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Lithuania: Current Realities and Future Perspectives of the Oil & Gas Sector

Lithuania: Current Realities And Future Perspectives of the Oil & Gas Sector

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Although Lithuania cannot boast rich oil resources lying beneath its territory, a number of large oil industry facilities are successfully operating in the country. This suggests that Lithuania has sufficient technical capacity to import oil and petroleum products from various countries, as well as diverse and technically ensured possibilities of supplying petroleum products. Moreover, the country has secured the required amount of petroleum product state reserves, which affords protection against disruptions in their supply.

Based on the legal framework applicable in Lithuania, the oil sector operates under market conditions: there are no legal restrictions on the transport of fuel from EU Member States or import of fuel from third countries; the prices are not state-regulated (except for liquefied petroleum gas supplied to group facilities) aside from excise tariffs and value-added tax; mandatory quality indicators are set for relevant petroleum products; and no transport or import quotas have been fixed.

Despite these oil supply and refinery facilities and business-friendly regulation of trade in petroleum products, seeing the trends in the transport system and global changes, Lithuania is gradually switching to consumption of less polluting fuels and electricity, flexibly and efficiently combining the existing infrastructure of the petroleum sector with the local potential offered by renewable energy resources.

As regards the gas sector, the situation on infrastructure capacity and regulatory framework is like that in the oil sector. At the end of 2014, with the construction of the liquefied natural gas terminal in Klaipeda, the implementation of the provisions of the EU Third Energy Package, and the construction of the second line of the Klaipeda–Kursenai gas pipeline in 2015 the situation in the natural gas market substantially improved. Lithuania gained access to natural gas on international markets, the monopoly of eastern market players in this field was abolished, and competition was created. Lithuania became self-sufficient in natural gas supply (and able to supply significant quantities to countries in the Baltic region) through the liquefied natural gas terminal alone, in case of disruption of supply from Russia, or a lack of competition in supply.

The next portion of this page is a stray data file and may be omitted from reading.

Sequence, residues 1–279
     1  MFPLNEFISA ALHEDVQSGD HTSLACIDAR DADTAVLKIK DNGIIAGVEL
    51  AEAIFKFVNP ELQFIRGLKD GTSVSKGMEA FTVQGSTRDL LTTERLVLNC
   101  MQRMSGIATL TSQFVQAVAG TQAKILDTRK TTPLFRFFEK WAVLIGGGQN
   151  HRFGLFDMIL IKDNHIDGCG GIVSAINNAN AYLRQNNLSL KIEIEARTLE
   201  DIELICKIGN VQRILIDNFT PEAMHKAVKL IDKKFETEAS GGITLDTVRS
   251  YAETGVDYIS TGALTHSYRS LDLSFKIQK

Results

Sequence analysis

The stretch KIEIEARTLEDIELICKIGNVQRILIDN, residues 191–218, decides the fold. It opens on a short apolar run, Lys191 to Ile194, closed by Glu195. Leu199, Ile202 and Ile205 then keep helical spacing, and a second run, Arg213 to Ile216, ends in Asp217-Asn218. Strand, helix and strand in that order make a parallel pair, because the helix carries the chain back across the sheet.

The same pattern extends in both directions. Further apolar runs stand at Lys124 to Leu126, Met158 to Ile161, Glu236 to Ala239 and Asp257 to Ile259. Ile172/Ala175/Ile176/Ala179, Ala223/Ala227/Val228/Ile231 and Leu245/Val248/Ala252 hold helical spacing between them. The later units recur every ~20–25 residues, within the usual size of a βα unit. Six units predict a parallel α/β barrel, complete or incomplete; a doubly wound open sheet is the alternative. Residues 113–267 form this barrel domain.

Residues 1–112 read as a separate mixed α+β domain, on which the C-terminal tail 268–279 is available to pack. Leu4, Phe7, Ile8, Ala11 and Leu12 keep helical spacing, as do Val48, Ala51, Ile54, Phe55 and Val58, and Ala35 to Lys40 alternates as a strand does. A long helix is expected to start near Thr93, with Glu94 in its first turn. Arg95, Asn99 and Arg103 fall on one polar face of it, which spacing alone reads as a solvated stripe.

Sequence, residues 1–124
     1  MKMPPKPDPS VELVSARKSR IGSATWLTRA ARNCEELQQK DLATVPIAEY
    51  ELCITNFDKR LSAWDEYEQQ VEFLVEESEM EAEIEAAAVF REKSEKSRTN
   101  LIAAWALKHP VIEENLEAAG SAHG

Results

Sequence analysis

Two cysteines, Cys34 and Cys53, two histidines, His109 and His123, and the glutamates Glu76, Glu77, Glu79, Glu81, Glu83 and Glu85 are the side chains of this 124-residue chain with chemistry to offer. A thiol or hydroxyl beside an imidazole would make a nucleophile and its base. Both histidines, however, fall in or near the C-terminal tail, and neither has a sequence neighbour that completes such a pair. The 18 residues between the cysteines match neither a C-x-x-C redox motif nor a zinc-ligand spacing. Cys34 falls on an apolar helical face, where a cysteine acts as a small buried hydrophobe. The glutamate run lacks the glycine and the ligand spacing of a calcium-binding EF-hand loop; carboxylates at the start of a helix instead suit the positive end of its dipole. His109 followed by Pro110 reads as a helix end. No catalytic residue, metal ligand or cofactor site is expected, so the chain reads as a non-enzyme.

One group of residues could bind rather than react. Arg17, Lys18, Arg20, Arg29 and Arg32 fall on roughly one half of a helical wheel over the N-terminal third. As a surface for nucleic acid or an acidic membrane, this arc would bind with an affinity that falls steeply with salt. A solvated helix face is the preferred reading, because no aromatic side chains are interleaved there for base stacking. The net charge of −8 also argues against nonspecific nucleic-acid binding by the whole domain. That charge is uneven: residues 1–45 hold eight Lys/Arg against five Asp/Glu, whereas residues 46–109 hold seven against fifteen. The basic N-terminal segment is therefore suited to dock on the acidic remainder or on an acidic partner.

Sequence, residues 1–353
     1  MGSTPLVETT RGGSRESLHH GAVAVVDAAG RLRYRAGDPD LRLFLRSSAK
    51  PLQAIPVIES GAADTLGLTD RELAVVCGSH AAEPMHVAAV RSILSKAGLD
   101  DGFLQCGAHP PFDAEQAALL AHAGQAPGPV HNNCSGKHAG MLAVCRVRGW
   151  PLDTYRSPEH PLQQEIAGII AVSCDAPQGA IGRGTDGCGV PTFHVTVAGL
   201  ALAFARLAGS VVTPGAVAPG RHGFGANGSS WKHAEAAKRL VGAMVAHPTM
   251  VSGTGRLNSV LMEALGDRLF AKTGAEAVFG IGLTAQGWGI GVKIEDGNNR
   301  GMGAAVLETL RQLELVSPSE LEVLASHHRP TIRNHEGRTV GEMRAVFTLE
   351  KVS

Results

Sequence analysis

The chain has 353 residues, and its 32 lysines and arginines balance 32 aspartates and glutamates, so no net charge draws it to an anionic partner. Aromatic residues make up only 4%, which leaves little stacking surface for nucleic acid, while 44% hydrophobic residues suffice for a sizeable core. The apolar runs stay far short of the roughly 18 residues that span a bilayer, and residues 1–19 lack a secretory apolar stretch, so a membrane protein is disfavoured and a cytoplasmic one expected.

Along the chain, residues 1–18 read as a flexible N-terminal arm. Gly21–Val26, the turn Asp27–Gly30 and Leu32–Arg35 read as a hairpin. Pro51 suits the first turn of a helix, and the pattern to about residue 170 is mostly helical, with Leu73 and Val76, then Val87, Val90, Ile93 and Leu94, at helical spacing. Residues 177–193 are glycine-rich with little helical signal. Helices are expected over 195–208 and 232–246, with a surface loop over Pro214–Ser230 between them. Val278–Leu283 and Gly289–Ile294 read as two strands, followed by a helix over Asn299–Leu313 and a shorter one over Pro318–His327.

However, despite this positive progress in the development of infrastructure, the Lithuanian natural gas market remains isolated from the EU’s single market for natural gas. This problem will soon be resolved by the Gas Interconnection Poland-Lithuania project, which is approaching its final stages. This project will allow Lithuania to become an important gas transit and trading hub for the Baltic States and Finland.

It can be anticipated that additional revenue generated from the transmission of natural gas and regasification of liquefied natural gas will reduce the share of costs for the maintenance of the liquefied natural gas terminal and the natural gas transmission infrastructure to Lithuanian consumers. This has never been more relevant for Lithuanian consumers as, due to the increase in gas prices in the raw materials markets, a very sharp rise in the price of gas has been observed in Lithuania. In July, for instance, the price of natural gas for household consumers increased by 26 to 46 percent.

In relation to both gas and oil, it needs to be recognized and understood that, although today our economy heavily relies on these types of energy, these all are already past technologies, and, in our view, we will be seeing a decline in their popularity over time. As mentioned above, the Green Deal initiative in Lithuania and Europe has already led regulators and market participants to focus on the development of clean and green technologies. One of these is pure hydrogen technology. Notably, this technology and its market are in the development phase, so the market and regulators should already start preparing for the application of these technologies. Hopefully, the actors involved in the development, both national and EU institutions, as well as the market participants, will have a unified approach and coordinate their actions to create an environment conducive to the realization of the potential of new technologies, covering both investment and harmonious legal regulation, for the creation of an efficient market, research, and innovation.

By Simona Oliskeviciute-Ciceniene, Partner, and Ignas Jurkynas, Senior Associate, Cobalt Lithuania

This Article was originally published in Issue 8.8 of the CEE Legal Matters Magazine. If you would like to receive a hard copy of the magazine, you can subscribe here.

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